Our origins can be traced back over 800 years to the building of the first stone bridge over the Thames.

Bridges across London

The River Thames has played a major part in the history of London. It has provided both wealth and opportunity by allowing the City to become a major port with links to Europe and the world. But to Londoners the Thames has also acted as a physical barrier, dividing north and south London to this day.

As a result, getting across the Thames has always been vital to London’s prosperity and for centuries London’s citizens had made gifts of land and money to “God and the Bridge”. This was because the Church encouraged the building of bridges and this activity was so important it was perceived to be an act of piety – a commitment to God which should be supported by the giving of alms.

Back in 1097, William Rufus, second son of William the Conqueror, raised a special tax to help repair the wooden London Bridge. In 1176, during the reign of Henry II, Peter de Colechurch, a priest and head of the Fraternity of the Brethren of London Bridge, began building the first stone bridge across the River Thames. That bridge, with its 19 arches, was completed 33 years later in 1209, six years before King John signed the Magna Carta further along the Thames at Runnymede. There can be no doubt that the new bridge was well built and maintained as it lasted for some 600 years.

By the end of the 13th century the shops and houses adorning Peter de Colechurch’s new stone London Bridge were beginning to generate not only increased cross-river trade, but also increased taxes, rents and bequests. A significant fund began to accumulate and it was administered from a building on the south side of the bridge called Bridge House, with the fund becoming known as the Bridge House Estates. This fund was eventually to come under the stewardship of the City of London Corporation which manages it to this day.

Over the centuries the fund prospered mightily through strong and thrifty administration of the ever increasing property assets both in the City and the surrounding countryside. The Bridgemasters maximised income from a great variety of sources including, for example: “receiving tolls on carts passing over the Bridge, tolls from ships passing under the Bridge and fines for unlawful fishing from the Bridge”.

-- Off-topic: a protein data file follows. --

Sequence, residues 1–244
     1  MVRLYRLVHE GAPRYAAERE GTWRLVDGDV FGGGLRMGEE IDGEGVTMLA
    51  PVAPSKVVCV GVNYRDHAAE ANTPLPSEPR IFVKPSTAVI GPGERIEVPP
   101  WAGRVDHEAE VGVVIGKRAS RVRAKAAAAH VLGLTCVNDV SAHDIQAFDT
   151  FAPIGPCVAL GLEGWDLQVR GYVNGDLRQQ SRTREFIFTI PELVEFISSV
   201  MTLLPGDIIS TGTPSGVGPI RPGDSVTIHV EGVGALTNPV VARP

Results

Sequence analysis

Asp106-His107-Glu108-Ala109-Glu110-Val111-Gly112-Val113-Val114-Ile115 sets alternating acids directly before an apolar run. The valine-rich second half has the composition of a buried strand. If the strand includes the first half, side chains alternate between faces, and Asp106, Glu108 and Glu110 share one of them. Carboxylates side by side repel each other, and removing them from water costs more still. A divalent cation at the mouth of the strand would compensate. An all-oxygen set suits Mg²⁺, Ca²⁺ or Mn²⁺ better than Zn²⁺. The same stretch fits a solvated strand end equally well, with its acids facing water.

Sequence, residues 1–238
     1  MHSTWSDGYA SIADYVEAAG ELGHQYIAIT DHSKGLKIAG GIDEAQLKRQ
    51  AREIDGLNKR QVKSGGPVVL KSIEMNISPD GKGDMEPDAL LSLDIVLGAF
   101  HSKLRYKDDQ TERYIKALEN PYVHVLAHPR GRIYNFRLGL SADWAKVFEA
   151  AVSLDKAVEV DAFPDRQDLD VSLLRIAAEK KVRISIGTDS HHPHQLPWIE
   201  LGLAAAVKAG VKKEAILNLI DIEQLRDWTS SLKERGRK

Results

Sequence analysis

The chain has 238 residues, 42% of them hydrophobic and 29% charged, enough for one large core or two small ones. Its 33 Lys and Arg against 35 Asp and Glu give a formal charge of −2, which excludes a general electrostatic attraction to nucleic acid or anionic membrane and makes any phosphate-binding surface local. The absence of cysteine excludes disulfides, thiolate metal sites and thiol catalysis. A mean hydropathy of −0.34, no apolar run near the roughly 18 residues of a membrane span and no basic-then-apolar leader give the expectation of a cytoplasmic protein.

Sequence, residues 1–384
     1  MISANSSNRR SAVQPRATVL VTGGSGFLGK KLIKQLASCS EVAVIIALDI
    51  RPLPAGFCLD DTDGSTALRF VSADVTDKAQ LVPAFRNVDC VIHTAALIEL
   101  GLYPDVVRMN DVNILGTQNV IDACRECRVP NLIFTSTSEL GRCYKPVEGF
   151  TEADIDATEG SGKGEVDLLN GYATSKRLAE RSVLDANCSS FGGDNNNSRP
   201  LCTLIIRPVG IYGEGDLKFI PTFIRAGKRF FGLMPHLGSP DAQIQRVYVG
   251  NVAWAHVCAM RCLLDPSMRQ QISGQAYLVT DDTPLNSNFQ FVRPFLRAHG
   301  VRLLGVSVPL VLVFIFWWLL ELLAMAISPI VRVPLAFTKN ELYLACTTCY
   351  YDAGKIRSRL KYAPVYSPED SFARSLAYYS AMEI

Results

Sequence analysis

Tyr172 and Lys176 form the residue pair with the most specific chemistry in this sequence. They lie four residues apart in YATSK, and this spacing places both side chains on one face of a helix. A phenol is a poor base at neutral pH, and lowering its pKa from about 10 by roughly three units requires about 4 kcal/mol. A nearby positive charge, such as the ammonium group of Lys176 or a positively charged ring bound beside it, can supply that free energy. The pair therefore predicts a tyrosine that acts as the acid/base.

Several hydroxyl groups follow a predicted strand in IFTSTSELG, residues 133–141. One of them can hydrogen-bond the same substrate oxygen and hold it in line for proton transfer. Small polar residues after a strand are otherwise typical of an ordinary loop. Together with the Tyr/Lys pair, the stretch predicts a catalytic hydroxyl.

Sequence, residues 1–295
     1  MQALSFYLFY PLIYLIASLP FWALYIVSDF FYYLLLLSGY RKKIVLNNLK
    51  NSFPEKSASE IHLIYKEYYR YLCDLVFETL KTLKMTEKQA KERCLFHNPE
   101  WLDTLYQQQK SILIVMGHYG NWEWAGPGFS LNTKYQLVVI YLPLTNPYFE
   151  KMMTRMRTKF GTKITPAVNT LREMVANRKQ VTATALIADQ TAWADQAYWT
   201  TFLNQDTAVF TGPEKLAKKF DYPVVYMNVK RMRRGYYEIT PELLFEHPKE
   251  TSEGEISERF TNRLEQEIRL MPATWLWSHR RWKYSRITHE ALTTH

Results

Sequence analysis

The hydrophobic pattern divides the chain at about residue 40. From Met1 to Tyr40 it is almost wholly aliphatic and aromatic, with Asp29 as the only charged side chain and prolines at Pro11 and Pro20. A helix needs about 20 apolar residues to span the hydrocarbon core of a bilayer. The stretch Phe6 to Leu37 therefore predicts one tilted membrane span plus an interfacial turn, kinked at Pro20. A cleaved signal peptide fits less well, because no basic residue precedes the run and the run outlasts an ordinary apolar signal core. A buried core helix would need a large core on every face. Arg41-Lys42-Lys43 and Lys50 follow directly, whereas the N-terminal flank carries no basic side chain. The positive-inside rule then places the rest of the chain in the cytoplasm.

In relatively recent years the charity built Blackfriars Bridge, purchased Southwark Bridge and, just over a century ago, constructed Tower Bridge. London Bridge itself has also been rebuilt twice. Finally in February 2002, the Trust took over the ownership and maintenance of the new pedestrian-only Millennium Bridge, which spans the Thames between St Paul’s and Bankside.

The City Bridge Trust

For centuries, the City of London Corporation as the Trustee of the Bridge House Estates was only permitted to utilise the income of the fund for expenditure on its bridges. This included the maintenance of existing bridges, building or acquiring additional bridges, or replacing bridges when they became unfit for purpose. In addition, if one of the bridges happened to collapse or was damaged the charity would be required to rebuild it out of its own resources with no assistance from public funds, and this meant that a healthy reserve had to be maintained.

However, such was the level of funds generated that in the later years of the 20th Century a cy-près scheme evolved which allowed the objects of the fund to be widened. This enabled any surplus monies to be applied to other charitable purposes benefiting Greater London. Importantly, this applies only after setting aside adequate provision for the Trust’s primary purpose, which remains the provision and maintenance of the five bridges. The City Bridge Trust first began awarding grants in September 1995 and since then it has awarded over 7,000 grants totalling £1/3 billion across London.

The Bridge Mark

BridgemarkThis mark has been the identifying emblem for the Bridge House Estates Trust for many centuries. It is likely that the mark as we know it today was designed by a famous seventeenth century surveyor, William Leybourn, who is thought to have adapted a similar mark drawn against plots owned by Bridge House Estates on an earlier plan of St George’s Fields. It is still visible on several of the five bridges.

Further information

If you would like to learn more about the history of London, including our bridges, the Museum of London, which is based in the City, provides a comprehensive history of the capital, from prehistoric times to the present day.

The Museum of London Docklands has a fascinating scale model of the medieval Old London Bridge. 

Tower Bridge Exhibition is open to the public and offers spectacular views across London from its walkways, which also include an exhibition on the history of Tower Bridge and its construction. As part of Bridge House Estates, all profits generated by the Exhibition come back into the charity and form part of our grantmaking funds.

Finally, there are a number of books available on the history of the Thames and its bridges. Some of these are available through the Museum of London, or in the local history section of any major book retailer.